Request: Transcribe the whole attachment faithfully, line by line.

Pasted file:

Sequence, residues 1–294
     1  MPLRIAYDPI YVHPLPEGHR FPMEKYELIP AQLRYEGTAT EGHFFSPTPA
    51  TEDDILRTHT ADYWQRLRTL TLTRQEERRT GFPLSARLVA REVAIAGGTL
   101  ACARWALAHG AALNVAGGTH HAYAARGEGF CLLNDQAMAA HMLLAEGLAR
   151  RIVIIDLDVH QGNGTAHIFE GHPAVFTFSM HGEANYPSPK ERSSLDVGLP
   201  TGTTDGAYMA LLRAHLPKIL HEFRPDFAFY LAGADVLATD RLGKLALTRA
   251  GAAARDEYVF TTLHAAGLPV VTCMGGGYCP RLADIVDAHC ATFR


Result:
Sequence, residues 1–294
     1  MPLRIAYDPI YVHPLPEGHR FPMEKYELIP AQLRYEGTAT EGHFFSPTPA
    51  TEDDILRTHT ADYWQRLRTL TLTRQEERRT GFPLSARLVA REVAIAGGTL
   101  ACARWALAHG AALNVAGGTH HAYAARGEGF CLLNDQAMAA HMLLAEGLAR
   151  RIVIIDLDVH QGNGTAHIFE GHPAVFTFSM HGEANYPSPK ERSSLDVGLP
   201  TGTTDGAYMA LLRAHLPKIL HEFRPDFAFY LAGADVLATD RLGKLALTRA
   251  GAAARDEYVF TTLHAAGLPV VTCMGGGYCP RLADIVDAHC ATFR